There were several false statements in the letter “Election observer fights back after getting canceled” in The Reflector’s May 11 edition.
Mr. O’Meara’s certification as an election observer was revoked because, after repeated warnings, he continued to disrupt ballot processing by giving verbal directions to members of the counting board and physically touching their paperwork. In addition, he interacted with an elections office supervisor in an aggressive, inappropriate manner.
State law says election observers may not disrupt ballot processing or record images of voted ballots. All observers sign an agreement that they will not speak to ballot counting board members. Observers are always welcome to ask questions of, or request information from, elections office supervisors.
Mr. O’Meara did not deny that he disrupted ballot processing. Instead, he complained that he was not given advance notice that elections office staff members intended to enter a sealed room where voted ballots were stored. There is no requirement to inform observers in advance of this. All required chain of custody procedures were followed.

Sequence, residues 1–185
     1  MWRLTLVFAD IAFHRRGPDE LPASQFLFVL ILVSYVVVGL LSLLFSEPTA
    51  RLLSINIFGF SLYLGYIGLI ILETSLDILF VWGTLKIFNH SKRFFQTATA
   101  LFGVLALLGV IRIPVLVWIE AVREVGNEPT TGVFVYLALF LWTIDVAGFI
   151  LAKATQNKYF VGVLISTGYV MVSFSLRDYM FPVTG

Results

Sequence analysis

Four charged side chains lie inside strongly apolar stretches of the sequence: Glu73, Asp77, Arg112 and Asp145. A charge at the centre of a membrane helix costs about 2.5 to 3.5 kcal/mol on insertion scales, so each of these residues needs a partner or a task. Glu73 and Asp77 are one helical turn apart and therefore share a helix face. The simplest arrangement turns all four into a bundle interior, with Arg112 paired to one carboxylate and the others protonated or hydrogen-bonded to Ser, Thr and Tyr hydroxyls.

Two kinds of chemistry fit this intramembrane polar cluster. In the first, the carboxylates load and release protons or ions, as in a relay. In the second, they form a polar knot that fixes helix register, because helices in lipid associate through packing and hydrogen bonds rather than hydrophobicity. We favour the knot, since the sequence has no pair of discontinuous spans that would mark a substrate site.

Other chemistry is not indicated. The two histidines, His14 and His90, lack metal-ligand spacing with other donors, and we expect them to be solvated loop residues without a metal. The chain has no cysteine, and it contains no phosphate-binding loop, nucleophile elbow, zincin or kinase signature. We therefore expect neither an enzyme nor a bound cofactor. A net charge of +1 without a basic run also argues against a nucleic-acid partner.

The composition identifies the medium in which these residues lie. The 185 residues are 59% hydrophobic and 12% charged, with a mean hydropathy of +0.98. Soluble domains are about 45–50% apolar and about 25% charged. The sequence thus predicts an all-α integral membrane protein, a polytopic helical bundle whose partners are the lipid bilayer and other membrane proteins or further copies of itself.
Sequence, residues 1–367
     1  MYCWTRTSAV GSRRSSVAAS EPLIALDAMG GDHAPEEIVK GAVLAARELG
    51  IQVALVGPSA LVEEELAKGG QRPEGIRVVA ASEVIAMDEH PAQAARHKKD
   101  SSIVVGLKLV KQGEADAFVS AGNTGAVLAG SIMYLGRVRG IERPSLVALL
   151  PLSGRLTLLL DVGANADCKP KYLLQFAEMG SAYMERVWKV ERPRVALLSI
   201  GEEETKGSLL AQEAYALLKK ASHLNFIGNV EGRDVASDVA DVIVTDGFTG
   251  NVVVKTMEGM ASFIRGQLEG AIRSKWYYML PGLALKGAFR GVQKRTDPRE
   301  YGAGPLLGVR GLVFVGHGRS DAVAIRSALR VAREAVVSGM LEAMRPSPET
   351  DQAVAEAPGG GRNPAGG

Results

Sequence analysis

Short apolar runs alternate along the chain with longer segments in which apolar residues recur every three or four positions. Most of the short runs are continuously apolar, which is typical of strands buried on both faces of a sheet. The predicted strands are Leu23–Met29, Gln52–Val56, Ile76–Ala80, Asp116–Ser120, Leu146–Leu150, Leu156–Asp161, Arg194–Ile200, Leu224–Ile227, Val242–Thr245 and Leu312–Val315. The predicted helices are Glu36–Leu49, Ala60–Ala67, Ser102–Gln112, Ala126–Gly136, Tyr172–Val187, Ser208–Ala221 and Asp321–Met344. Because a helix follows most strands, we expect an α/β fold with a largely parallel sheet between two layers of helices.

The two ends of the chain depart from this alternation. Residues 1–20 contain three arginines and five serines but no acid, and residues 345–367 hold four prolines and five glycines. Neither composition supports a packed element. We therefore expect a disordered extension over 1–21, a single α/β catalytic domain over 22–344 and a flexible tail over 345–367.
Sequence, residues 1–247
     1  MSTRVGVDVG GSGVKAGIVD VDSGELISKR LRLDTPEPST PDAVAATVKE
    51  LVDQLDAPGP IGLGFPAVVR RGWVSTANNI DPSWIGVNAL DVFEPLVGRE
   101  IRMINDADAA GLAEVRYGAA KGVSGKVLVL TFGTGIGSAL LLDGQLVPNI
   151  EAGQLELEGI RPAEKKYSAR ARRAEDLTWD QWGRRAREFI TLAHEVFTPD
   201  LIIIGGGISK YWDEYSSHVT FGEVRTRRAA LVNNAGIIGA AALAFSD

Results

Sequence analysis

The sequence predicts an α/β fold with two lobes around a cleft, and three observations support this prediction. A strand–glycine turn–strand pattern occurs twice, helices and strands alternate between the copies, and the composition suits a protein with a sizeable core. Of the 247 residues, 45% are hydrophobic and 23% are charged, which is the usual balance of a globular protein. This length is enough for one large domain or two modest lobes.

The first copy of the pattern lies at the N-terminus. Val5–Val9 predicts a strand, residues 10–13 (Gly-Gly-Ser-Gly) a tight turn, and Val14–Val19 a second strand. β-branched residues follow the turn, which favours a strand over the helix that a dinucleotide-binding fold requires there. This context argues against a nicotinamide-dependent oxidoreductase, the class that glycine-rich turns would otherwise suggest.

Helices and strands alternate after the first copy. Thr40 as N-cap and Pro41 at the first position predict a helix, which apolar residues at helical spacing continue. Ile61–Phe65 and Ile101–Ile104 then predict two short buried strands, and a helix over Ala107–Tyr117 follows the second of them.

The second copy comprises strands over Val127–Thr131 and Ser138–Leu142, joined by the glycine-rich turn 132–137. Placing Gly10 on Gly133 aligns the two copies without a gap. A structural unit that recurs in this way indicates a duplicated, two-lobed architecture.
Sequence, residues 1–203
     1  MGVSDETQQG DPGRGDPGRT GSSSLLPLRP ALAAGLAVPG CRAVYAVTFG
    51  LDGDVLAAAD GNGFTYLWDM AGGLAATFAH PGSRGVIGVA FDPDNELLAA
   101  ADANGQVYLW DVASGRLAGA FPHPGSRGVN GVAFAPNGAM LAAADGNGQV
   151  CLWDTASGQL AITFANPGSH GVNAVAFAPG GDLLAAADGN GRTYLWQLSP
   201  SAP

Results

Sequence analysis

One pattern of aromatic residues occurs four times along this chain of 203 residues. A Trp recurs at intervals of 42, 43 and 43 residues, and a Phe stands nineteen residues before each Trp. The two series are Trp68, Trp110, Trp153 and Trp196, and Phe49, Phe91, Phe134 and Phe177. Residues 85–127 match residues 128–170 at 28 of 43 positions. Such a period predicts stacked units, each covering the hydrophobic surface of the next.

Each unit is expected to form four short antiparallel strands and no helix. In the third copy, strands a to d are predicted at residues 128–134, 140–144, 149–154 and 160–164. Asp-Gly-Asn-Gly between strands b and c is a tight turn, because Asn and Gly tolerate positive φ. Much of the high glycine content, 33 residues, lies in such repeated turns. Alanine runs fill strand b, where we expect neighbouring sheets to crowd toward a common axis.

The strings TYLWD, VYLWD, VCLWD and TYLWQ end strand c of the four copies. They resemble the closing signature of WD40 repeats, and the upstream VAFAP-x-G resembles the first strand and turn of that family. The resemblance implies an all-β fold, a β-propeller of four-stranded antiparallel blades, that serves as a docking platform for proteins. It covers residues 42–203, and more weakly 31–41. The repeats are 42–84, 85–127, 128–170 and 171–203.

Information provided by the Washington Voter Research Project to the elections office has been carefully reviewed to ensure the accuracy of our voter registration database.
The documents the canvassing board were provided as part of Mr. O’Meara’s appeal and the news release regarding the Washington Voter Research Project are available online at ClarkVotes.org in the “Recent Notifications” section.
Election observers are a very important part of elections. We are very grateful for the service these volunteers provide. Observer training is available online beginning June 1.
Anyone with questions or concerns regarding elections in Clark County is encouraged to contact me.
Clark County auditor
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